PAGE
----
Solution 17: Delete unused downloaded data such as podcasts and videos

You most likely freed up a significant amount of space on your phone by removing app caches, pointless Android applications, and dull images. That activity allowed me to free up 2 GB of unused storage on my phone.

But more has to be done. You may significantly improve by eliminating (or at least examining) the files you downloaded on your device but never opened. Here are a few instances from my phone

  • Spotify: I use Spotify Premium and frequently utilize the offline feature. However, I ended up putting 17 GB of music on my phone by downloading my “Songs” lists. By lowering the sound quality of the songs and picking only certain playlists, I could reduce the amount of space it consumed.
  • Podcasts: I subscribe to roughly 15 podcasts, but even when new episodes are released, I don’t always listen to them. Consequently, hour-long podcasts take up hundreds of MB of space on my phone! As a result, I periodically review my podcast list and remove those that I won’t be listening to. Ensure the setting to remove the podcasts you’ve listened to automatically is turned on. Every podcast includes this feature.
  • YouTube Premium: I signed up for YouTube Premium so I could download videos to watch later and in the background. I frequently glance at Downloads in the YouTube app’s library and remove the videos I’ve previously viewed.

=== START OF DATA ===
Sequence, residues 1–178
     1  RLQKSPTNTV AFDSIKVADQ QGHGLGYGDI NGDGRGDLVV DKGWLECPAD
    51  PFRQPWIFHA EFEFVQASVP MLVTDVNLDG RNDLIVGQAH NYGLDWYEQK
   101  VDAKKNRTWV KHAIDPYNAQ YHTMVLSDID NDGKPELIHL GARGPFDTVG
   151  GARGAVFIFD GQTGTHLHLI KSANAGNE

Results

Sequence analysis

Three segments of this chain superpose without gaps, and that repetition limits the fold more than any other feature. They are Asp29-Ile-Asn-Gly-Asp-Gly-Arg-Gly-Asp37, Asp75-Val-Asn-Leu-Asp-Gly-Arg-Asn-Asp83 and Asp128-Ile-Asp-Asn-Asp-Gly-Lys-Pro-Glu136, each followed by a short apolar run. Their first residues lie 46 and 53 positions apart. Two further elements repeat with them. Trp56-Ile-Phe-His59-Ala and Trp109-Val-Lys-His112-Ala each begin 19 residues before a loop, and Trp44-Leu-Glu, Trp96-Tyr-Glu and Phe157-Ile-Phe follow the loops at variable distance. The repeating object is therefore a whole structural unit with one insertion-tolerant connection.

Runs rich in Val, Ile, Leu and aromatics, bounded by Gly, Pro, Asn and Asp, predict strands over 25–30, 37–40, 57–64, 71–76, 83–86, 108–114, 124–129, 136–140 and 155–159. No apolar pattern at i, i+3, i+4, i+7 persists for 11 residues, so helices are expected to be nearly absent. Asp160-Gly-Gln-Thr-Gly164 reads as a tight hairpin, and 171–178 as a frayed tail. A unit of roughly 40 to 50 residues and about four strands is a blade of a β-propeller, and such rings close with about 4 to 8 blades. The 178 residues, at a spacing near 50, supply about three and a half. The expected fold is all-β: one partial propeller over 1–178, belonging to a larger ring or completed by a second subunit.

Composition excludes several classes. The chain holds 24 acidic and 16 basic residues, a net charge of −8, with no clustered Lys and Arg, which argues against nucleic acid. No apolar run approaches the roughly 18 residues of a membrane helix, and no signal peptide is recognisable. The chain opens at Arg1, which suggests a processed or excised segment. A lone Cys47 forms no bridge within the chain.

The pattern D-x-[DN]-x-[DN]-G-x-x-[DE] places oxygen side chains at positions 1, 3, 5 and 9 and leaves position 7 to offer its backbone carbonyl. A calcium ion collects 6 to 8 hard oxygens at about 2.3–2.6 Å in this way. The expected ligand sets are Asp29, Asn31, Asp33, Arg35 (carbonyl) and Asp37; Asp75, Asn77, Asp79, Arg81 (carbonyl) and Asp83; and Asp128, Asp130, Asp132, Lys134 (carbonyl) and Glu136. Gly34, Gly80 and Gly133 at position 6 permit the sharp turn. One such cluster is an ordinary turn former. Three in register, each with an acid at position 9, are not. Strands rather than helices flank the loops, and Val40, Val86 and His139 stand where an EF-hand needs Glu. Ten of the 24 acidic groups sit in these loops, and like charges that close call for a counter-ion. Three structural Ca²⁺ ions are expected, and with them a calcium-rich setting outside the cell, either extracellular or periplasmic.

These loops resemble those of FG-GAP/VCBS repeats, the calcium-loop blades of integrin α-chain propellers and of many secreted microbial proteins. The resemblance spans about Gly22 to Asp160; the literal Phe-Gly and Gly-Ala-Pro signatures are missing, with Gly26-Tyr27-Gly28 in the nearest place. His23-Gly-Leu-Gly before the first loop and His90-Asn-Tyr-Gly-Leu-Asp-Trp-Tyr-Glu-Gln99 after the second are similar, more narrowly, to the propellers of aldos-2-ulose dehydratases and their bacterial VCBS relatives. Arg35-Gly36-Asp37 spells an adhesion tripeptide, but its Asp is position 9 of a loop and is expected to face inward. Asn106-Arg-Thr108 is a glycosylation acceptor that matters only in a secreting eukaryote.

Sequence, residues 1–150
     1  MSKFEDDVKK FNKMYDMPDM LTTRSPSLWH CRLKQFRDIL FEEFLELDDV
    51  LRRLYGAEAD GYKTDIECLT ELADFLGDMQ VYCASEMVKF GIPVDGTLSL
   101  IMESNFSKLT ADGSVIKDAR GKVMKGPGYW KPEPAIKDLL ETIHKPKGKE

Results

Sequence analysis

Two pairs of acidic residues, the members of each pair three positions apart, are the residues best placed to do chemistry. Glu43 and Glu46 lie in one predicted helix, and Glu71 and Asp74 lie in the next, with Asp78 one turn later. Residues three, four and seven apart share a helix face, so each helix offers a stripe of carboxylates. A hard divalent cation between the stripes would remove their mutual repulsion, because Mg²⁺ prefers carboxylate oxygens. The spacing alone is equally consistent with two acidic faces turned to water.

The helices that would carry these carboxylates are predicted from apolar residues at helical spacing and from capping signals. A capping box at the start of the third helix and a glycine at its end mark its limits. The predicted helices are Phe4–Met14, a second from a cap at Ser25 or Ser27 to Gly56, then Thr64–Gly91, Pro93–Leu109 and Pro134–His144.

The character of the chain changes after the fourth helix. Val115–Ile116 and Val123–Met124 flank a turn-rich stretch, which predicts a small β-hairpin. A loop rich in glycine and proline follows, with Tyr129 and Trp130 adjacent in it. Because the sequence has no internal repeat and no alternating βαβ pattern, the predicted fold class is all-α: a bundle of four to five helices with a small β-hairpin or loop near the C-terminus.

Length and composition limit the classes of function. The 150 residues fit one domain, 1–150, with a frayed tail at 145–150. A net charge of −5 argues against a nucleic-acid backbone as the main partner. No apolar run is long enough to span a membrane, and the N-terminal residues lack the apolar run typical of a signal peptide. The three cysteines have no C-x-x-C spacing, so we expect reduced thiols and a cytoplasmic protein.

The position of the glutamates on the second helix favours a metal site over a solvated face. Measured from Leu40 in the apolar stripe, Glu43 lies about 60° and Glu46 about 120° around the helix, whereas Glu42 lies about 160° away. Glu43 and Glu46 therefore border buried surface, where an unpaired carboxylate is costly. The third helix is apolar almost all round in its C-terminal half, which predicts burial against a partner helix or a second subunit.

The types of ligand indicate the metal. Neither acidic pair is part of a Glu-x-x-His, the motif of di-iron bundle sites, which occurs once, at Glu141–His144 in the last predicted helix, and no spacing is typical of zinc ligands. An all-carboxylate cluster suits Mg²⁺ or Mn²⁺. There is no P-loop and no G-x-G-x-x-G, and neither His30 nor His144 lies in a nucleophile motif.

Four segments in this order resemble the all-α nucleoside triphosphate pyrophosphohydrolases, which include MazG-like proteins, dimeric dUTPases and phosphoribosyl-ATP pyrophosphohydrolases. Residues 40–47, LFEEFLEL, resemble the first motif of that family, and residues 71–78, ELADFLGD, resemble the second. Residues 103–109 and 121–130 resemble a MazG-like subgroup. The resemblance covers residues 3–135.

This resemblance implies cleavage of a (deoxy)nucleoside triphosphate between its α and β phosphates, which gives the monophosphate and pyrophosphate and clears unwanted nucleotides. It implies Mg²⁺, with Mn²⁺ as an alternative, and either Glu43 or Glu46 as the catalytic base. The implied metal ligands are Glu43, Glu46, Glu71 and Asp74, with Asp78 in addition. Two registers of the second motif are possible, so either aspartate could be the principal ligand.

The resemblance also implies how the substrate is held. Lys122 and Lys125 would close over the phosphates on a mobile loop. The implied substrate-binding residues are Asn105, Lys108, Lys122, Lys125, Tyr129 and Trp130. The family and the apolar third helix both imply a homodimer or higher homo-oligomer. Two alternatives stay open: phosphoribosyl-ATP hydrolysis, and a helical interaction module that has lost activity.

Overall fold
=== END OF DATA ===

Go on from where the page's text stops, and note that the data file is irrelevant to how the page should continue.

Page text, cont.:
• Offline Maps: When I travel, I always download large maps on my phone, but I quickly forget about them. I learned that my Google Maps app had increased to 2 GB in this way. Old maps may and should be removed.

Why does your Android phone’s internal storage fill up?

Phones are like the closet in your bedroom. Junk builds up. It takes longer to find what you need if the closet isn’t cleaned out sometimes. Additionally, you should throw away the leisure suit that has been taking up space in your closet (seriously, what were you thinking?). 

It’s occasionally preferable to delete Android applications you no longer use, similar to when you get rid of a suit that is two sizes too small (let’s face it, you’ll never fit into it again).

Temporary data and garbage files are produced when you use a mobile app or visit the web, frequently left behind on your device. Eventually, the system storage becomes full. When your cell phone is full, the accumulated garbage causes slowdowns and other annoying problems, such as app crashing.